Professional Bio


Ph.D., Physics, University of Denver, 2013

B.S., Physics, Nebraska Wesleyan University, 2008

Academic Preparation

Doctoral Dissertation: Biophysical Approaches to Human Genetic Disorders: ADSL Deficiency as a Model.  Advisors: David Patterson, Kingshuk Ghosh, Sean Shaheen

Research & Scholarship

Research Directions

Biological Physics

Biological physics is a dynamic field of study.  We are trying to observe the microscopic with high resolution and innovative microscopes, and model biological processes with physical principles.  The apparatus I am in the process of building is a multiphoton microscope for multiphoton laser scanning microscopy (MLSM).  MLSM is a fluorescence imaging technique that is becoming widely used for studying microscopic structures, such as material characterization and biological tissue.  It is unique in that it focuses the laser to a small focal plane to increase the probability two or more incident photons combining to excite a fluorophore to generate a measurable optical response. Thus, MLSM provides high resolution images of the nonlinear microscopic world, in 3D.  MLSM is an attractive alternative to confocal microscopy because it reduces phototoxicity, has less background signal, and increases imaging depth.  I am in the process of learning different programs for protein folding, protein engineering, and building physical models of biological processes.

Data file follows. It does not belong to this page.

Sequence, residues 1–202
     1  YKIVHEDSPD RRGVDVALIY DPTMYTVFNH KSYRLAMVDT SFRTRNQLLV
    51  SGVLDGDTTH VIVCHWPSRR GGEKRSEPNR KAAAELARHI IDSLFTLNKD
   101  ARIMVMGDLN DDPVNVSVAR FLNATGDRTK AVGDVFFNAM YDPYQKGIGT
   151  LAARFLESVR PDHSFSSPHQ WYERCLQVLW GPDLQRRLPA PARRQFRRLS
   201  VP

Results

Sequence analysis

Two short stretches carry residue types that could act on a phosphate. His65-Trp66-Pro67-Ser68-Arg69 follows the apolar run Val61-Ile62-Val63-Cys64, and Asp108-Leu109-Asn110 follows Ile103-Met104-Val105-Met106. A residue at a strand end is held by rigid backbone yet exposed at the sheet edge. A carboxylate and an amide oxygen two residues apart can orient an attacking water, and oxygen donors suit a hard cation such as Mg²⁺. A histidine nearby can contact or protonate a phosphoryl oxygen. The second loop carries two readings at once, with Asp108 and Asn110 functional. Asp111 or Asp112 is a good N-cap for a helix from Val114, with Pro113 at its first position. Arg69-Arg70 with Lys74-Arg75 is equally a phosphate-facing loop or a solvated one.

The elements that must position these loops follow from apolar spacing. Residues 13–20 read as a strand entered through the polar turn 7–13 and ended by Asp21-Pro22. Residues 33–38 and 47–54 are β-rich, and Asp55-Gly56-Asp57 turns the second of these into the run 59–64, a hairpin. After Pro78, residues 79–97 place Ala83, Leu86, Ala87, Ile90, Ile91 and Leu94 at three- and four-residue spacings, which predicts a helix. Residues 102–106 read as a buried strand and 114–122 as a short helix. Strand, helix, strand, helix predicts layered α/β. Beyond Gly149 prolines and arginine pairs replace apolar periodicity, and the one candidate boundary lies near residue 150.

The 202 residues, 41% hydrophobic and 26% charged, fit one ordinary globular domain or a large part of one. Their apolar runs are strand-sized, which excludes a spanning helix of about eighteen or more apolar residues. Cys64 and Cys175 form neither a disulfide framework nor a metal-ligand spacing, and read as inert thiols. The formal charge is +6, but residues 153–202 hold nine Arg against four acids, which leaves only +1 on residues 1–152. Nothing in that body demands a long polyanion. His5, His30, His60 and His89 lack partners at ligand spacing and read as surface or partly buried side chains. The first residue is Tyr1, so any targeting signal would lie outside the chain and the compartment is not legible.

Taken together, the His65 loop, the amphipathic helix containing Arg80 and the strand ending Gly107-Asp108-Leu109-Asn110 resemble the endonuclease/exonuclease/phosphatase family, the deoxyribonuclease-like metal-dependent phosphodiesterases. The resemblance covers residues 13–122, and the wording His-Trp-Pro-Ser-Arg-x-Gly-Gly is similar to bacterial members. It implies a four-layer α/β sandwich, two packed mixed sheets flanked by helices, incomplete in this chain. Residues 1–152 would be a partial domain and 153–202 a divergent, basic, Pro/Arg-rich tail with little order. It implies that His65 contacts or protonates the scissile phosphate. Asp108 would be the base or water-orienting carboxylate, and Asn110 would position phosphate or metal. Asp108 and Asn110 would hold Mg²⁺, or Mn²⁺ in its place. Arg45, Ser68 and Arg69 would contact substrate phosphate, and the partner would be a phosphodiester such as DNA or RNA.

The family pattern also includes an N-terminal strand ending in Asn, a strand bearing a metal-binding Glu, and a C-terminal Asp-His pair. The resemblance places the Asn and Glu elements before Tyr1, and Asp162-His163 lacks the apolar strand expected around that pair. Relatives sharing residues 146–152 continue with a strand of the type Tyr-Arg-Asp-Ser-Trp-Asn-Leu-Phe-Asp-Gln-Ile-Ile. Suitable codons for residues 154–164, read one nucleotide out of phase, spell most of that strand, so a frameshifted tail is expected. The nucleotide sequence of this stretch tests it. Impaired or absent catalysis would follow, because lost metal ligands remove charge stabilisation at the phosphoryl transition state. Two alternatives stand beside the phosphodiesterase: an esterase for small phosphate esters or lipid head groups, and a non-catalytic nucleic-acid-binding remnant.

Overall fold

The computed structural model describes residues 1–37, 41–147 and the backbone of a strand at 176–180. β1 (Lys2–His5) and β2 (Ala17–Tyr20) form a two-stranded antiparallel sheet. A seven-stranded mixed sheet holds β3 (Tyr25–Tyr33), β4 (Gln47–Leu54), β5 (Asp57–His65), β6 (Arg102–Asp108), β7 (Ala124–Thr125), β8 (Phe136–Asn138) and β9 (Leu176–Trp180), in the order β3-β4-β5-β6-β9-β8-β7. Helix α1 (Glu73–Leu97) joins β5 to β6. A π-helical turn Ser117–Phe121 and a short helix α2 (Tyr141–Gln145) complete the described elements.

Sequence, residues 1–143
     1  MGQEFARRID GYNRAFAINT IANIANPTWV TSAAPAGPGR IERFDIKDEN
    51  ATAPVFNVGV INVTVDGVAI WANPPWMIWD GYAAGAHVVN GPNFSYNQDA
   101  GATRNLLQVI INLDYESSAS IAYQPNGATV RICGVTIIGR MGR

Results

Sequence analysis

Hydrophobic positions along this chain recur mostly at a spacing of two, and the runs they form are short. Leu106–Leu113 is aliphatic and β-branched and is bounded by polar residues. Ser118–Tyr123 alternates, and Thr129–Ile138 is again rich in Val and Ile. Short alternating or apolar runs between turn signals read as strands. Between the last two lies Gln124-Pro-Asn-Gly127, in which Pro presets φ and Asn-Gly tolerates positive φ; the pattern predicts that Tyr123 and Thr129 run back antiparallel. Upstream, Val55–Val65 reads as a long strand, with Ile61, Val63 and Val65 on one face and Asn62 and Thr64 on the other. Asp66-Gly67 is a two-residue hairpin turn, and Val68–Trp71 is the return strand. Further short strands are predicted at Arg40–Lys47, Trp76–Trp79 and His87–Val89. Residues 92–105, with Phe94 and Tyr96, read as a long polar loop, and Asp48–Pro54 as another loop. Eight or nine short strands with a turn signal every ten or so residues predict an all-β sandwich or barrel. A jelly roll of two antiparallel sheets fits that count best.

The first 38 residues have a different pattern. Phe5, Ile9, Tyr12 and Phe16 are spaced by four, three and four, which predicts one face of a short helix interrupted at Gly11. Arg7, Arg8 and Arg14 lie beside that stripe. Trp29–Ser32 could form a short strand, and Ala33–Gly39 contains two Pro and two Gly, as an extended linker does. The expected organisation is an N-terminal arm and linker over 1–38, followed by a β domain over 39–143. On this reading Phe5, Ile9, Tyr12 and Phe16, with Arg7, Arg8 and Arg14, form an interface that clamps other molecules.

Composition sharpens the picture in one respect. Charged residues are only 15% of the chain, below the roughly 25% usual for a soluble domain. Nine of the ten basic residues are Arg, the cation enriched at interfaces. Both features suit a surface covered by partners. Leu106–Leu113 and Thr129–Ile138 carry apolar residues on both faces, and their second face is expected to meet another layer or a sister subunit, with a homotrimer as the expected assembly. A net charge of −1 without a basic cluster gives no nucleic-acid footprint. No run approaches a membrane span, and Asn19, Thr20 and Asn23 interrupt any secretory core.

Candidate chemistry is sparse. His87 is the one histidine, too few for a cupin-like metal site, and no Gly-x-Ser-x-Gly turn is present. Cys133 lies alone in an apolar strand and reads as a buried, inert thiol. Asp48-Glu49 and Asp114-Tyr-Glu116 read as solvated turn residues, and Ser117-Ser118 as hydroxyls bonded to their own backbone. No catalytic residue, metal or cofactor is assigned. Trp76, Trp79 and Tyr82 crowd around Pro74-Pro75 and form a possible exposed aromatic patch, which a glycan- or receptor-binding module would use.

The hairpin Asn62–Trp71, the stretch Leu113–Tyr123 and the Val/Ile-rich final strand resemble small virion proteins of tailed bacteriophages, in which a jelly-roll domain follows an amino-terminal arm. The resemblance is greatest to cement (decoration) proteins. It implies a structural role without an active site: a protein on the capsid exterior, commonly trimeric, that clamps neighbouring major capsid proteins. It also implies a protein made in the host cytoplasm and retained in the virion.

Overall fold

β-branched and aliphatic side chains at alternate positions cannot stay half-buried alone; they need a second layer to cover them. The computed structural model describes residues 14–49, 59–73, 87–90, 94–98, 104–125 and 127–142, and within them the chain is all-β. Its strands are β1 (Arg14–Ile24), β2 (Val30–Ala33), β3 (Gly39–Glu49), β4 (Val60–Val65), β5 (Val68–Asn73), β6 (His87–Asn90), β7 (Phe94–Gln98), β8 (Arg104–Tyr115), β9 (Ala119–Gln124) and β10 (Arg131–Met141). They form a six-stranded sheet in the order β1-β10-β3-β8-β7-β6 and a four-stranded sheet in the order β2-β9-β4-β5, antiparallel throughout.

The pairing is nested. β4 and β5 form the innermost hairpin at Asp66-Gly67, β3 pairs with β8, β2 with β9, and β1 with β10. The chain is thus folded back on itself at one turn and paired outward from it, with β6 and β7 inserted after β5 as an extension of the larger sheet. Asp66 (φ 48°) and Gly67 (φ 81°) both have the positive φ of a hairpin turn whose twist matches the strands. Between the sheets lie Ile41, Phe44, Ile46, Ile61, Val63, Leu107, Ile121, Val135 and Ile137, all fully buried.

Physics Education Research

I am also passionate about physics education research.  Specifically, I want to determine if there are adequate data acquisition tools available for visually impaired students to learn physics as effectively as students that can see.  By adapting researched based pedagogies such as Interactive Lecture Demonstrations and Workshop Physics for students who are unable to visualize data, learning gains can be compared to published results to determine if new tools need to be developed for blind students to learn physics effectively.